“I’m losing my edge/ To all the kids in Tokyo and Berlin/ I’m losing my edge to the art-school Brooklynites in little jackets and borrowed nostalgia for the unremembered eighties.” - Losing My Edge by LCD Soundsystem
In the 2018 version of Princeton Review’s SAT Test Prep Book, you can find a passage about aphids and their amazing abilities to suck up sap more than three times their weight within practice tests. This was, regardless of what it says about my academic hobbies, my first introduction to the existence of these uncannily translucent green insects.
Sources say that while aphids may be considered pests by most people, they have unique and fascinating characteristics that make them unique from many other insect species. If anything, that feels too consolatory to me… every species has “unique and fascinating” characteristics; there’s no need to lie to the Aphidoidea species. You’ve definitely heard the approximate saying, “everyone is unique in their own way.” And there’s always that smartass that responds with, “doesn’t that make everyone un-unique?”
That “smartass” has a point, though. We grow up believing we are the Thumbelina that twirls beyond the boring flowers because we are different. Each first word, first step, first picture, first… everything is celebrated. Even your first solid food and first vegetable—I wish I still did this now! Why no celebration?
Aphids are also sometimes referred to as plant lice. For many, that brings memories of being afraid to share hats or helmets with any and everyone for the possibility of blood-sucking insects climbing around your hair. At first glance, you cannot tell the lice are there, but that is the beauty of camouflage: by blending into the background, aphids (and other living organisms) can hide from those that want to kill them.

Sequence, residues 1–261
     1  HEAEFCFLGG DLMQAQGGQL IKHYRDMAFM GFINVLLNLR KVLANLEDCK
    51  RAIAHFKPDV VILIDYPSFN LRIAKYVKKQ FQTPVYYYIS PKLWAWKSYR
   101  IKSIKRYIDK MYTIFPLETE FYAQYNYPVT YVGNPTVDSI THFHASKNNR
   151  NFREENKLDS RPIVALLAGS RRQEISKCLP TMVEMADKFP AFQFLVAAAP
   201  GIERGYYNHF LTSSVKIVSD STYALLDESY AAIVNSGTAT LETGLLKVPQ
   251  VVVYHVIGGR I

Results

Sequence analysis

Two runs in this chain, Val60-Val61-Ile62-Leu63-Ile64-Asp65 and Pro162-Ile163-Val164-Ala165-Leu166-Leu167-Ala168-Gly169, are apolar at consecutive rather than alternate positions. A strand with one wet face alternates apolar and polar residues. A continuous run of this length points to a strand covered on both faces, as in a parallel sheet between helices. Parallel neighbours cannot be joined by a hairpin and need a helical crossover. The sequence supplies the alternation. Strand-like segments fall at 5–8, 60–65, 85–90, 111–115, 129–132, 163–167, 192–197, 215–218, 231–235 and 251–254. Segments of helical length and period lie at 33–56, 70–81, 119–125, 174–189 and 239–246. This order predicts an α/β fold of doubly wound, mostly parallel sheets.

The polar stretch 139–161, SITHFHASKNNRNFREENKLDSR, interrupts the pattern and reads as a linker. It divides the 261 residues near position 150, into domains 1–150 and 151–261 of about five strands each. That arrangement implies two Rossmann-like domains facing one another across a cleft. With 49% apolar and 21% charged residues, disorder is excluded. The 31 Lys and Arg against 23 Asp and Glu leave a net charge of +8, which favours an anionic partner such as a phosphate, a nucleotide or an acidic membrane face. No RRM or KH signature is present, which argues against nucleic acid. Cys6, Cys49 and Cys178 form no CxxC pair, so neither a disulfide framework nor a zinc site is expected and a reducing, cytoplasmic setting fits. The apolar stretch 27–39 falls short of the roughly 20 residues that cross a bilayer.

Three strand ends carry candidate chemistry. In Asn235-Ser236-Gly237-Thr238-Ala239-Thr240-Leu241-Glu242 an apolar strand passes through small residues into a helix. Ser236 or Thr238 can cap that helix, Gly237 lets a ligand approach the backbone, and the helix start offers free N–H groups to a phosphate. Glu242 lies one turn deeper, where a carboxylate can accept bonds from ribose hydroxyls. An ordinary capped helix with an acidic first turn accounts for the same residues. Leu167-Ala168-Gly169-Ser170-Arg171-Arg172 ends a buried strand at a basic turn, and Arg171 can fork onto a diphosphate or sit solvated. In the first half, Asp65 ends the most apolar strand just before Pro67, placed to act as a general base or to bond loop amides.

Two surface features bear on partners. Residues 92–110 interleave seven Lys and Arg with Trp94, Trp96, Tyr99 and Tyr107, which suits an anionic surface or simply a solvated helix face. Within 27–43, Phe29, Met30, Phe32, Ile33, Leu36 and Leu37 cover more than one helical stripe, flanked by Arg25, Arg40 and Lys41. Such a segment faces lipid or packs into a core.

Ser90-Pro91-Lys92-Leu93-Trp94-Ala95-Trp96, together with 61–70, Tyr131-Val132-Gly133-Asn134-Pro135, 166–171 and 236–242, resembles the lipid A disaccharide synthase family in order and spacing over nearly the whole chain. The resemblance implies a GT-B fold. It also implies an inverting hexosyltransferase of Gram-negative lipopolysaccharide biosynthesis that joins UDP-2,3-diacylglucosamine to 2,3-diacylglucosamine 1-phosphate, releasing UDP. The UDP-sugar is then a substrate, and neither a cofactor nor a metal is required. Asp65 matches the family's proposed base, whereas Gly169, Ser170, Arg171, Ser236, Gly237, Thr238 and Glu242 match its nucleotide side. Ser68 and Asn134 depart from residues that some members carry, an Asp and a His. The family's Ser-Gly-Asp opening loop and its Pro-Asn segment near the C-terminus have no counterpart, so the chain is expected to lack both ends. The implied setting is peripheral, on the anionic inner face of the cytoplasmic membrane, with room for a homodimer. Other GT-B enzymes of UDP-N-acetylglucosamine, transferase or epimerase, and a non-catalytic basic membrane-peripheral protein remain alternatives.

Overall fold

Taylor Swift once sang: Lord, what will become of me; Once I’ve lost my novelty? What if we become pests? Akin to plant lice as we continue to cavort around the world believing incorrectly that we are gracing the world around us with our presence? As Swift bemoans, “will you still want me when I’m nothing new?”
But! You may protest aphids are unique! For example, they reproduce both sexually and asexually based on the season and environment. This means they can reproduce within a few days of being born when reproducing asexually (which is likely why they are such pests), or sexually produce eggs that can survive winters. This is something even humans cannot do! (Though, not for lack of trying.)
Even cooler, they “poop candy.” In the words of one of my favorite Ted-ed videos: “[all those generations] means lots of poop. Some aphid populations can produce hundreds of kilograms of poop per acre— making them some of the most prolific poopers on the planet. We know this poop as the sweet, syrupy liquid called honeydew.” Ew.
Yet cool! Finally, something unique—in fact, it seems aphids and associated insects have been around for millennia, just long enough to have generated mythology. Dew falls from the mythological Norse tree Yggdrasil onto the Earth. Zeus was nursed with honeydew as he recovered from being… eaten by his father and later found the strength to lead a revolution against his cannibalistic father. As a dabbling teacher, I once taught a class about aphids and how biology is truly magical, and sometimes it truly makes no sense how some things happen. How does 1/16th of an inch of organic material produce hundreds of kilograms of waste? A prolific waster but, somehow, not always a pest.